I have been preoccupied lately with organizations and their culture. I find it fascinating  how sometimes decisions with the best of intentions simply turn out wrong whereas sometimes a simple “nudge” in a direction with the freedom to shape an outcome that realizes a clear end goal or principle. Maybe I am so fascinated by this as it often seems elusive to me as a leader or maybe I just have not cleared my mind enough to be that intentional.

The reason I am taking a moment to write today is that I heard a phrase that seemed universal in building solid organizational cultures; unplanned interactions.

The phrase challenged that to really create unity inside a culture that creating space and opportunity for these unplanned interactions between people of any level in an organization create heightened unity.

The idea is that for the most part we, as humans and workers for a company, often see the same obstacles and opportunities but alone in our bubble many feel powerless to act upon them. But as a shared experience, creativity towards solution or change can have an opportunity to flow. How many times have you found yourself engaged with a stranger in a conversation and some subject that sparks you both arises to create a situation in which you build on an idea, experience healthy conflict from opposing opinions or just become more engaged as you are sharing and learning things you did not know?

This concept also supports the idea of cultivation of “informal leaders” or what I often refer to as “leading where you stand”. People begin to think of new and creative ways to better the world around them. For the most part, people want an engaging and positive workplace since we spend a great deal of our lives there. Most seek to make it better. Often people experience fear or lack of empowerment to do so through self-imposition, bad management or general organizational constraints that inhibit making change. Sometimes based on these constraints, we allow ourselves to become derailed to make any change as it doesn’t seem the optimal. I know this very well as I often question myself regarding change I make if a deviation from the ideal (although it rarely stops me).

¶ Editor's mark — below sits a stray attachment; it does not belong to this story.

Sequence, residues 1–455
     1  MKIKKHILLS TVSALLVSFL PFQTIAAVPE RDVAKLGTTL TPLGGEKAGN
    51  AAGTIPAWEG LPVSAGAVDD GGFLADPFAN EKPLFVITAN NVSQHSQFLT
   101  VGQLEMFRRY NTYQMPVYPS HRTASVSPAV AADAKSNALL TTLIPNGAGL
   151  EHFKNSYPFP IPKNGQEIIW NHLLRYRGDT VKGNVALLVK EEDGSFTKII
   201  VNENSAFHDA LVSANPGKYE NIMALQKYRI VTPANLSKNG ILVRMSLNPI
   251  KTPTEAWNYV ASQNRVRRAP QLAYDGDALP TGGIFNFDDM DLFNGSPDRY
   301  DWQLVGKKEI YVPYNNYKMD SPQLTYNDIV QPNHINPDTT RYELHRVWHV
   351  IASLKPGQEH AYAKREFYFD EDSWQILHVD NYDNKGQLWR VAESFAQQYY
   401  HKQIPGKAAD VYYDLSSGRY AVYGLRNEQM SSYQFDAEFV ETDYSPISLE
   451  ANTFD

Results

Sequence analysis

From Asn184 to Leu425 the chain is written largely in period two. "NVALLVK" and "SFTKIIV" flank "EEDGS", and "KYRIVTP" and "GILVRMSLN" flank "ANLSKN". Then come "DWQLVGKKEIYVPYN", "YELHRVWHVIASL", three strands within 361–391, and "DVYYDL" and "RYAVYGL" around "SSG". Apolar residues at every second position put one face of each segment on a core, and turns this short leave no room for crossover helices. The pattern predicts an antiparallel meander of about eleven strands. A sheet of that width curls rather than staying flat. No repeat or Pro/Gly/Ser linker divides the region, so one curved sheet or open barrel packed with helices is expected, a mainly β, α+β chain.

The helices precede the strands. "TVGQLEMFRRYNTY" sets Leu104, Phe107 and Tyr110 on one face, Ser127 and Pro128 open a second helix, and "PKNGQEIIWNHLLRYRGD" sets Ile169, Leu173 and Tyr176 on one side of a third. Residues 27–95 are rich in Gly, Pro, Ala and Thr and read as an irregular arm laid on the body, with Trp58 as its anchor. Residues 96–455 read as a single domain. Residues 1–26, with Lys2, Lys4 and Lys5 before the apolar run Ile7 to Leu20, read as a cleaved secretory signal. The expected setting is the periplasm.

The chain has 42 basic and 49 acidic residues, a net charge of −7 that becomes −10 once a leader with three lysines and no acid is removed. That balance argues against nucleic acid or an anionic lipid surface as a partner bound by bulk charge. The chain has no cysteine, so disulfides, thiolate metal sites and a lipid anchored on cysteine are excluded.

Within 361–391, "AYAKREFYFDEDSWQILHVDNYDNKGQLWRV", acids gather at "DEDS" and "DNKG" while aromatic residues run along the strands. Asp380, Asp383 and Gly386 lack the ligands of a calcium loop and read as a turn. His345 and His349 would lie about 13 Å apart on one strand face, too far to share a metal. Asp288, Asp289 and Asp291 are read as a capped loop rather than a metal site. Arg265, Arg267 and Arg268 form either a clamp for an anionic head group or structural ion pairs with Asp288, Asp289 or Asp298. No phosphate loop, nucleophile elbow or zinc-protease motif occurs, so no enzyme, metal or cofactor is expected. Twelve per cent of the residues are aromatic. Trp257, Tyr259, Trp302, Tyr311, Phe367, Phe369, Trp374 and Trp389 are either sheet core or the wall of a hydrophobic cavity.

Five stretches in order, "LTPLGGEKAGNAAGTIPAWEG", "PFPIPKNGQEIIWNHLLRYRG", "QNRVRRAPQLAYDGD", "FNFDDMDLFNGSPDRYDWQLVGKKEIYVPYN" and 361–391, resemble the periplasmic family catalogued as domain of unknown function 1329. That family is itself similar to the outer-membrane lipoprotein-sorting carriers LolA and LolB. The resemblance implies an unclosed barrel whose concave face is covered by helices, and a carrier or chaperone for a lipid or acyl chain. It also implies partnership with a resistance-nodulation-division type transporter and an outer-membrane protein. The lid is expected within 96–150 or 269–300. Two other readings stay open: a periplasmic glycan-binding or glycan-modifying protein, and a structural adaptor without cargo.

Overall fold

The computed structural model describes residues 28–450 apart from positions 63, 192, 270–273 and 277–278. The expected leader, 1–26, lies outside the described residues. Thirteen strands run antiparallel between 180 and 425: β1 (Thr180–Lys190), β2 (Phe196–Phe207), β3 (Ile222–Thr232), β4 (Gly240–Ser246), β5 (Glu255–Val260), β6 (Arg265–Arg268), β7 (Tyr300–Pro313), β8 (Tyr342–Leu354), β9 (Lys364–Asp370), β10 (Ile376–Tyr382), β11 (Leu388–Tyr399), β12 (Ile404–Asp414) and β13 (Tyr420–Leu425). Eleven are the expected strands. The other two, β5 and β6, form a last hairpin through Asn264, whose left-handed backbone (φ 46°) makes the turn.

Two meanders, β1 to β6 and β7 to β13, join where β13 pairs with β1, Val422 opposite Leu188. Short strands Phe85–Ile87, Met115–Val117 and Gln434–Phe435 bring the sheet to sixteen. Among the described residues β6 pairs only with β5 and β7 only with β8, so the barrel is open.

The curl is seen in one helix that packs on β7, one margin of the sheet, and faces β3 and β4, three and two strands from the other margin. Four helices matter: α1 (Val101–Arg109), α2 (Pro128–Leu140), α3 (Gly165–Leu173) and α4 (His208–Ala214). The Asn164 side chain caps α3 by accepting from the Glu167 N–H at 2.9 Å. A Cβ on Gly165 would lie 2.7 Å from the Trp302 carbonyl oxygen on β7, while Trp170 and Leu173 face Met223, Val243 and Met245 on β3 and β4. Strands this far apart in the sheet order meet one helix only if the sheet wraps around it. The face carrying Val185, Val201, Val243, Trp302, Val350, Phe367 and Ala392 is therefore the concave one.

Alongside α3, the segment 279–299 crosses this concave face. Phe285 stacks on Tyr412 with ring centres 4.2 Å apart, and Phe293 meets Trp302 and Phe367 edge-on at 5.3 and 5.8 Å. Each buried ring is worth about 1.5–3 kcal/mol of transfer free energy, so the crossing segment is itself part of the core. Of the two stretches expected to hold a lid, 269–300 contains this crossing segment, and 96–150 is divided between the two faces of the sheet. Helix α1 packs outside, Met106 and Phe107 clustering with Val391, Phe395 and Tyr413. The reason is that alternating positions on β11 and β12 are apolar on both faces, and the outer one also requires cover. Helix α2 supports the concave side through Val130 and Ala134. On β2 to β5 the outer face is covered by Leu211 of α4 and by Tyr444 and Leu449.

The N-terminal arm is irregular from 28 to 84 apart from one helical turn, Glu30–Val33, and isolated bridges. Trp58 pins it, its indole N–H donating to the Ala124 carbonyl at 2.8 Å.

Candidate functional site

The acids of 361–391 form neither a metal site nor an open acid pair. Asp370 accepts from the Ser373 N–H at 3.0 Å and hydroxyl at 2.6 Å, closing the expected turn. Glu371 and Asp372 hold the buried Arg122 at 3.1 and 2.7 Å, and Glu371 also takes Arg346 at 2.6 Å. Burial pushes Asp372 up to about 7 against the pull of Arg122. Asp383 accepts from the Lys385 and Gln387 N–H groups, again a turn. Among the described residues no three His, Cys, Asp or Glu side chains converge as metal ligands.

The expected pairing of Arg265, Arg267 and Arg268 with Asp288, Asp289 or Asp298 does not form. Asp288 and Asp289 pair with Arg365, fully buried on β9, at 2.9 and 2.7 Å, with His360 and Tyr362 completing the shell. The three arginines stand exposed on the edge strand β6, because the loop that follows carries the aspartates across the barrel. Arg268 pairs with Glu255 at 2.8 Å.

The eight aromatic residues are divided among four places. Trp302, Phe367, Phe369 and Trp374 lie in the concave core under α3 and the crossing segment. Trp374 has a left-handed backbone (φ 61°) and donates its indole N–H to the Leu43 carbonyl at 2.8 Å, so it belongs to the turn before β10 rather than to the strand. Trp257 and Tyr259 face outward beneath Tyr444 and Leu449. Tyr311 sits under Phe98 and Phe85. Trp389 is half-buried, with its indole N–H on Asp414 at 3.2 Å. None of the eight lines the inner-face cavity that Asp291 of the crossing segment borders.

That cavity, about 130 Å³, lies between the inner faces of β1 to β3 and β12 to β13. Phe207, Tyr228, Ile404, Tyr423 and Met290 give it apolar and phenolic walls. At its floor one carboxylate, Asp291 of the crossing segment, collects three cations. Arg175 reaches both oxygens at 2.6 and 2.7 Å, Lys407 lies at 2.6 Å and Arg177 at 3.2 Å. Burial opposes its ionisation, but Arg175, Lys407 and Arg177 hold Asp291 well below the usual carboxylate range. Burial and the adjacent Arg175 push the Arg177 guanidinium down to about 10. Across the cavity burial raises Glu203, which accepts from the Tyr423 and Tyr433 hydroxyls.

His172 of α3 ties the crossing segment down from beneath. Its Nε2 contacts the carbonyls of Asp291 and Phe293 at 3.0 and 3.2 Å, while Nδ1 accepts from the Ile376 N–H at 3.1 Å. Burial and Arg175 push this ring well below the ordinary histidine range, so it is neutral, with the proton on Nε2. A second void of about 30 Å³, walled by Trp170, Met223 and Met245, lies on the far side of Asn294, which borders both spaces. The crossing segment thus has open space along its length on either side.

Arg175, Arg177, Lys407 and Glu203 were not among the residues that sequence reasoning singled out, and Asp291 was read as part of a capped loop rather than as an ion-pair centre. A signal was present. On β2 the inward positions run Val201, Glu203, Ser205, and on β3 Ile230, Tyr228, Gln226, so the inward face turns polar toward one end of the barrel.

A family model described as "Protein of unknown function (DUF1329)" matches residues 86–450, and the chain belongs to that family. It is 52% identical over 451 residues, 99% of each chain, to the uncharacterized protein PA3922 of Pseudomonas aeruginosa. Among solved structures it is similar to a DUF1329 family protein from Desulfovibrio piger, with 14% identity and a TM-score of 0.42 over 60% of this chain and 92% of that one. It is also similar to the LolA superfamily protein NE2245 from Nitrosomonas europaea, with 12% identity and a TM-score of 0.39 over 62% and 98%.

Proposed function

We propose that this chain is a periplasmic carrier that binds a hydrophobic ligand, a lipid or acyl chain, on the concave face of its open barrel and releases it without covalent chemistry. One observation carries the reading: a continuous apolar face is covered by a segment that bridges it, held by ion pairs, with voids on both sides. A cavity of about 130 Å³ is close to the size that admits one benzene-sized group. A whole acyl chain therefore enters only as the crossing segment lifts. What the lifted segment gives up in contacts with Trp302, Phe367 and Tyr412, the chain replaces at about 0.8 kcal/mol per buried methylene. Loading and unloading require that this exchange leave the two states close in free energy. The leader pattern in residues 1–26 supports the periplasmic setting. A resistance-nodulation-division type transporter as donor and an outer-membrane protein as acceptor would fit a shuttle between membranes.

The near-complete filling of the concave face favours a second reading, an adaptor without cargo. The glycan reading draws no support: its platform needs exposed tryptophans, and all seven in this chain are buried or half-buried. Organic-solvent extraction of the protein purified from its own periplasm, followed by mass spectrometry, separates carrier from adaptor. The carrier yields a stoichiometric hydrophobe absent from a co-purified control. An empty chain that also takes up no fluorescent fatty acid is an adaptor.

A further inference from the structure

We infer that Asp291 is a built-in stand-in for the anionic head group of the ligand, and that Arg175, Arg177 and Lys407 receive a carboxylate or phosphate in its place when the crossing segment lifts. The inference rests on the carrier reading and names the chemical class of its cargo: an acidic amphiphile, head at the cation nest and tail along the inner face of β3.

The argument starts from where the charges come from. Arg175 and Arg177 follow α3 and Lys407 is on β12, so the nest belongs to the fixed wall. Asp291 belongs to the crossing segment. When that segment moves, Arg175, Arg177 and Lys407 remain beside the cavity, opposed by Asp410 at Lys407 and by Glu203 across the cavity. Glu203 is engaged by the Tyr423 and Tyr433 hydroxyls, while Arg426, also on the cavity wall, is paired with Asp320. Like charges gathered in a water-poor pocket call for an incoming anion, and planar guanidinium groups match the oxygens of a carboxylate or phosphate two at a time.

So, back to this idea of “unplanned interactions” …  Does your organization create a way to support this? Typically we facilitate lots of planned interactions in organizations such as company picnics, Christmas parties, pot lucks, etc. But those can often create the stereotypical middle school dance situation in which people gather with people they know to enjoy the event as a shared experience. We do things like place cards at tables to mix people together but it often does not have the desired outcome. Why? Is it because it is an attempt at compliance to interact as opposed to facilitating the space to interact? I absolutely think that organizations should create planned interactions as a part of their culture as I think it familiarizes people with new faces. We just have to ensure that we take care not to make them something people feel mandated to take part in.

I really am curious about how to create space within my organization to facilitate connections. We have two distinct business groups (which have different cultures), but in speaking informally with people in both, there are shared passions and opportunities to engage in playful ways to connect people within the two. Perhaps we have to be brave enough to break from social convention and create and encourage playspace as an effort to create a more holistic view of our organization? It really has me thinking and wanting to learn more and try some experiments to see if we can foster these interactions. I think that by doing this we are looking at our organization with more of a systems view (from individual to team to department to division to whole) and stand the potential to tap into the creative minds that lay dormant inside our organization.

So I put out questions and a challenge to everyone who reads this. How are you facilitating unplanned organizations between individuals today? And if you are not presently doing so, why not? Or, how can you start? As always, I hope you change the world…

“When you want something you have never had, you have to do something you’ve never done” – Steve Roesler